On November 11th, 1918, at eleven o'clock in the morning ("the eleventh hour of the eleventh day of the eleventh month"), the guns fell silent on the Western Front, ending the conflict known then as "The Great War" and later as "The First World War" - for all its horror merely a prelude to the more horrendous conflict to come.
November 11th came to be called "Armistice Day" in honor of the armistice between the Allies and Germany that marked the traditional end of the First World War (fighting actually continued in other areas, particularly Russia and portions of the Ottoman Empire), and it is still observed as a national holiday in many countries. In Great Britain, it is known as "Remembrance Day," and after World War II, it became known in the United States as "Veterans Day." Nowadays, instead of commemorating the sacrifices of World War I, it is a day set aside to honor all the veterans, living and dead, who have answered the country's call to service. Memorial Day, observed on the last Monday of May, is the day of remembrance for those killed in military service.
Whatever your feelings about war as a way of settling differences between nations, you can probably agree that the common soldier who leaves the safety and comfort of his or her home and steps into the jaws of danger in the service of the nation deserves our thanks and our respect. Today, only a tiny fraction of eligible citizens choose to serve in the armed forces, placing the burden of service on a disproportionately small number of people representing a small wedge of America - largely the southern and western states and the lower and lower-middle classes. Very few Americans have any real connection to their military, or to the wars being fought in Iraq and Afghanistan - in the words of one service member a few years ago: "America is not at war. America is at the mall. The Army is at war."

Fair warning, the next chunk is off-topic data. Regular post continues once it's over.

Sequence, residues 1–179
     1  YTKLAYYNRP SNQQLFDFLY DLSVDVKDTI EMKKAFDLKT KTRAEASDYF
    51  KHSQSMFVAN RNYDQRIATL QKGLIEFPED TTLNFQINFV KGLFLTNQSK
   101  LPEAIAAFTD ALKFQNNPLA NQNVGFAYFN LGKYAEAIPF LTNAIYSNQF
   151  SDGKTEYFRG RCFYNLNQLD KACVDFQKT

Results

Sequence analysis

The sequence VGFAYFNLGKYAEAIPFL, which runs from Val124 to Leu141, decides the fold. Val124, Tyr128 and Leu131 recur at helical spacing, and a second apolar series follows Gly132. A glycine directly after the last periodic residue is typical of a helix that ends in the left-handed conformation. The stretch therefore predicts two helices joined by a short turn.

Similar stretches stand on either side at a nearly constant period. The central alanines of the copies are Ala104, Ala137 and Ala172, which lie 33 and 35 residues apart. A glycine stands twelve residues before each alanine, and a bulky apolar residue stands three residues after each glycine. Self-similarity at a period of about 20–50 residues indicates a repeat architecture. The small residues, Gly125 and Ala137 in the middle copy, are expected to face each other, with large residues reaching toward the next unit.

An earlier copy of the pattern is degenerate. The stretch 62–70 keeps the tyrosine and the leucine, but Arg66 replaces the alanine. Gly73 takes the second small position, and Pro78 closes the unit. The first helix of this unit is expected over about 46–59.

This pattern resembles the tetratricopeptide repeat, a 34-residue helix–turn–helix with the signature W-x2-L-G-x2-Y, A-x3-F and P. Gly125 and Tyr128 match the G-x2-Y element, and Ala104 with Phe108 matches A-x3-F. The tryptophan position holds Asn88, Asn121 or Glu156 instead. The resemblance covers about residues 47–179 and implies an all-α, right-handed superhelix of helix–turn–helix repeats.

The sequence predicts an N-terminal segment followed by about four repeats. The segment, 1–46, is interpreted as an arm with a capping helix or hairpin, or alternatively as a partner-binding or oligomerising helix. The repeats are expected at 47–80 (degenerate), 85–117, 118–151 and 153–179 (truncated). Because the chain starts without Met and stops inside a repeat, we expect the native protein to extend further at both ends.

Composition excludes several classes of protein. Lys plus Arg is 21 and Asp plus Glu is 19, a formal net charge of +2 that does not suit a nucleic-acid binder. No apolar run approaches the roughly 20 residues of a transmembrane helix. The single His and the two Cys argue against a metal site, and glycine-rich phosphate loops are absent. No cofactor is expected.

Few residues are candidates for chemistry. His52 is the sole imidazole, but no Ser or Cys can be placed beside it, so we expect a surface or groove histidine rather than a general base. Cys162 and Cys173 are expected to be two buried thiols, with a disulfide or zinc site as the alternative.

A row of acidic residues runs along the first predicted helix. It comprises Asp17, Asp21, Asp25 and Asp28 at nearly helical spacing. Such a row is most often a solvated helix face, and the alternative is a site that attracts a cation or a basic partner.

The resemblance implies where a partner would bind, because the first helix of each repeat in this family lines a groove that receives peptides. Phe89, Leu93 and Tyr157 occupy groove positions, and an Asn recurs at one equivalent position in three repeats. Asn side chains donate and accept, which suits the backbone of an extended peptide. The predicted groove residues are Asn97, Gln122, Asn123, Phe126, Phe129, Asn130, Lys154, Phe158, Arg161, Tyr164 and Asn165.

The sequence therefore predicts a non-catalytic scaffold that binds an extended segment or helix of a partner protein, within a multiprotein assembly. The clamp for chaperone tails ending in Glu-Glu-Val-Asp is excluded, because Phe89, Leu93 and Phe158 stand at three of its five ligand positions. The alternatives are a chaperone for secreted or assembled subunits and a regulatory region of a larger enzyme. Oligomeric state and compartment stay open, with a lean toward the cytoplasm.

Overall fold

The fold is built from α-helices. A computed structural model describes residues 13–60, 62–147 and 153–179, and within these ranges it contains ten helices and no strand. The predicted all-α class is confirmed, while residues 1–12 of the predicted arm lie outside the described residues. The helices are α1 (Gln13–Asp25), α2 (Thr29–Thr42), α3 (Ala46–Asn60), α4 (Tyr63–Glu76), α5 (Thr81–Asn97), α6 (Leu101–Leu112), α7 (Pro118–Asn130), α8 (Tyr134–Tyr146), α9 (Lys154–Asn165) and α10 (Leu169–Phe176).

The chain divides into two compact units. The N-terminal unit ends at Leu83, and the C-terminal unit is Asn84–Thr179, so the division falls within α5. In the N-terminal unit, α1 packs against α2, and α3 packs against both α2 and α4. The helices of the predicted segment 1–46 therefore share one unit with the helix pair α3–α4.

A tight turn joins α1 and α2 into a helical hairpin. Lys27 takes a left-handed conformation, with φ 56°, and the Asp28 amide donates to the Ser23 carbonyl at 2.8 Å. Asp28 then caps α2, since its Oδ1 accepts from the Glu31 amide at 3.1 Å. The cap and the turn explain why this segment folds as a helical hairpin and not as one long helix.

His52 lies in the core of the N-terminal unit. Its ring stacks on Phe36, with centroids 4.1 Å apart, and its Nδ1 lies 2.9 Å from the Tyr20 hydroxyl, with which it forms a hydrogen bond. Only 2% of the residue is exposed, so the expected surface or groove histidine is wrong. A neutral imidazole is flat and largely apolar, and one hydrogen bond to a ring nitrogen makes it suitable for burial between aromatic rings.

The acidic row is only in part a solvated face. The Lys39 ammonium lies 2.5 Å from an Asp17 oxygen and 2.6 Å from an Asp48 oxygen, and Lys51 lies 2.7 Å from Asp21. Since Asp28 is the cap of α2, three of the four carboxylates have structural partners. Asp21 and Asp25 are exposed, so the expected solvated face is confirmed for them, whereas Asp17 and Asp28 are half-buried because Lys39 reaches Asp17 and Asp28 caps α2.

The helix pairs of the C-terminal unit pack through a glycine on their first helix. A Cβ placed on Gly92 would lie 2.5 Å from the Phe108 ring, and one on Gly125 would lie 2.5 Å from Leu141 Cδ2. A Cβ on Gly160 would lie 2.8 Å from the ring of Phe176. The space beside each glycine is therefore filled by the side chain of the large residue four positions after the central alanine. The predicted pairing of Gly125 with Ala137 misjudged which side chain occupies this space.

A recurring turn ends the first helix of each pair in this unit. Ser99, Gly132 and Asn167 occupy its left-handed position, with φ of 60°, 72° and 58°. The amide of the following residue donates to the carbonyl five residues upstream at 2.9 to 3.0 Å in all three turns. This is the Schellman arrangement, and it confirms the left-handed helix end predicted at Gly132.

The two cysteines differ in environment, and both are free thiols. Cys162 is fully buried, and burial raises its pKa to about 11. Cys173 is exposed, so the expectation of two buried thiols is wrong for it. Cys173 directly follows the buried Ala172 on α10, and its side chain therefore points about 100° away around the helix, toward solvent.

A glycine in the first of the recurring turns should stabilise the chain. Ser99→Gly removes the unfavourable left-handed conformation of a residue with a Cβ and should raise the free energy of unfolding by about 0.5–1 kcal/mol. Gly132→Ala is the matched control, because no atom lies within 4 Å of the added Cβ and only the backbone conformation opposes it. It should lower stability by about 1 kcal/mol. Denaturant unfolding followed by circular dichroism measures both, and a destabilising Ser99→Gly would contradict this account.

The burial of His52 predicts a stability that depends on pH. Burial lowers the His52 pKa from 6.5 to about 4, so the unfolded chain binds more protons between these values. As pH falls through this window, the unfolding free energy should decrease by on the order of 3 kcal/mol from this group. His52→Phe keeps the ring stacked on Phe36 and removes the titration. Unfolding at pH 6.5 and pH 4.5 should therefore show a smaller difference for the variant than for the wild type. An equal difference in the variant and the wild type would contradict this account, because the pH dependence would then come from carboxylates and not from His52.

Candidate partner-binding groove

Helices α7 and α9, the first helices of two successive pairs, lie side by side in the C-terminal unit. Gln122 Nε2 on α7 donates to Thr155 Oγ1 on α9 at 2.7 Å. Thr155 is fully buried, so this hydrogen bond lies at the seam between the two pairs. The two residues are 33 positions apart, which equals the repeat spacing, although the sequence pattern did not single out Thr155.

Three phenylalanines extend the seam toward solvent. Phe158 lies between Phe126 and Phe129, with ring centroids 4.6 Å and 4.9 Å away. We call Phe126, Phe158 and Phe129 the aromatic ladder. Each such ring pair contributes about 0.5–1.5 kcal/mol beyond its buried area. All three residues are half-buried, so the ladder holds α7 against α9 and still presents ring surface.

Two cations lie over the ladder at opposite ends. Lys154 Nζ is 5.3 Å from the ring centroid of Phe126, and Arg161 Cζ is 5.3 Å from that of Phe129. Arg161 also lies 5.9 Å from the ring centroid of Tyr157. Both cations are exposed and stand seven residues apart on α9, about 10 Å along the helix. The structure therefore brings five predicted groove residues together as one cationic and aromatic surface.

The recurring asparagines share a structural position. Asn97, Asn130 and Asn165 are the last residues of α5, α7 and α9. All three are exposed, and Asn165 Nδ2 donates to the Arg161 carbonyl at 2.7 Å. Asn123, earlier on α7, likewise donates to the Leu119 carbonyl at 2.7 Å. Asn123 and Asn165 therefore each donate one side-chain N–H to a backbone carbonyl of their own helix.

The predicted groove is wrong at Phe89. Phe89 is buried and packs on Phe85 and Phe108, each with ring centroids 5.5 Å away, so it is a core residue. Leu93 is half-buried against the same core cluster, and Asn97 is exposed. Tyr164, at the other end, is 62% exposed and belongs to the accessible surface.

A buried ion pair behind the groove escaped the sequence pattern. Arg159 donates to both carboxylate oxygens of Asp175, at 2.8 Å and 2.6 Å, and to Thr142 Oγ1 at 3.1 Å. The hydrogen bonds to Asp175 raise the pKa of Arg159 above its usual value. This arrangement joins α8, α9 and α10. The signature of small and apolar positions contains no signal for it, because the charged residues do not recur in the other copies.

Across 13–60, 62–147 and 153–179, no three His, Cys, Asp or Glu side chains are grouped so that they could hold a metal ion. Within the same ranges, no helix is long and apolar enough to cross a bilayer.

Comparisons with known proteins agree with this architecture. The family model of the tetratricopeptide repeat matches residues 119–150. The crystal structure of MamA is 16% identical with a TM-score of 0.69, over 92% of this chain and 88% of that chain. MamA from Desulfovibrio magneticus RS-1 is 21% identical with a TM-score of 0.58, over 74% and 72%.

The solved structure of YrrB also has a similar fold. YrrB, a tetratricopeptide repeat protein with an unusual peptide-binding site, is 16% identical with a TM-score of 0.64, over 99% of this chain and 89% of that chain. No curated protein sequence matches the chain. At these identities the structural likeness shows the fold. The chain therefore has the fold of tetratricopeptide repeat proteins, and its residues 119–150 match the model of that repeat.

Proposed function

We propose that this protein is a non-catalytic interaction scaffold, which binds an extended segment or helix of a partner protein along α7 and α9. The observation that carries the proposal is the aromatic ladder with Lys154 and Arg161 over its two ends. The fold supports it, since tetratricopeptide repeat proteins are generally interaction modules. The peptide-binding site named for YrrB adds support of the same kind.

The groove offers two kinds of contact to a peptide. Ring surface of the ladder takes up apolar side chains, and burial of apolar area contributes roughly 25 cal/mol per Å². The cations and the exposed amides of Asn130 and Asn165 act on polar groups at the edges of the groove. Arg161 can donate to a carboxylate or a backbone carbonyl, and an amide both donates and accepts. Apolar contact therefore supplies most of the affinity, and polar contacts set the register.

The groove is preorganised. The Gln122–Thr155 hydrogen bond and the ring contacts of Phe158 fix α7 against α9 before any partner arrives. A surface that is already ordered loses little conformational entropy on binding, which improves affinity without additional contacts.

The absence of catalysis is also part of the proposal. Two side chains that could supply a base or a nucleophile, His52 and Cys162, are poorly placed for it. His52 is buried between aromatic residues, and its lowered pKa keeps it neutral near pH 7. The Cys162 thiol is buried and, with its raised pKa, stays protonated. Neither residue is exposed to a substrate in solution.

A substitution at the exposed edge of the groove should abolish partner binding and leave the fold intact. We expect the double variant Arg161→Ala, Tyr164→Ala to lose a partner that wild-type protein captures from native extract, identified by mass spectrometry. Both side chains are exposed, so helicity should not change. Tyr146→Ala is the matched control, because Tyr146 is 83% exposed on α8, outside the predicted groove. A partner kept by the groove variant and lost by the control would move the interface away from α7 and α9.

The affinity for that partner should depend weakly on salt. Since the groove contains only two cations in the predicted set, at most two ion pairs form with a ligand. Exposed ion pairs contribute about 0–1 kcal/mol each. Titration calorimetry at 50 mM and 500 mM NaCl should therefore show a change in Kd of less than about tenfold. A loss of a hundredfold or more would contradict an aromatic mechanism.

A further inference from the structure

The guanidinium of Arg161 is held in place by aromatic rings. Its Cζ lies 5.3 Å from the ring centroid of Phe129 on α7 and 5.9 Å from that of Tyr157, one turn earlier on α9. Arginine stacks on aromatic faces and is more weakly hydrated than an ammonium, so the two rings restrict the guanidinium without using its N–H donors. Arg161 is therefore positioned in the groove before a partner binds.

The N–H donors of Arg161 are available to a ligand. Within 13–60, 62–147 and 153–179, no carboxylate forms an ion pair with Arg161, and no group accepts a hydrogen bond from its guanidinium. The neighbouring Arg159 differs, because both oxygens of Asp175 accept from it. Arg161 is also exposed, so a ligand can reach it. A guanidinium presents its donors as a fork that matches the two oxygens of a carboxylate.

Our sitting president, who is the constitutionally-designated Commander in Chief of the armed forces, has never served in the military. And the number of veterans serving in Congress - the body that actually declares war - is depressingly small: 26 in the Senate (out of 100) and 95 in the House (out of 435) ... and that was before last week's elections.
I find that a sobering thought.
On this Veterans' Day, take a moment to honor those who make the sacrifices most of us would rather not, and defend the freedoms we hold dear.
Have a good day. More thoughts tomorrow.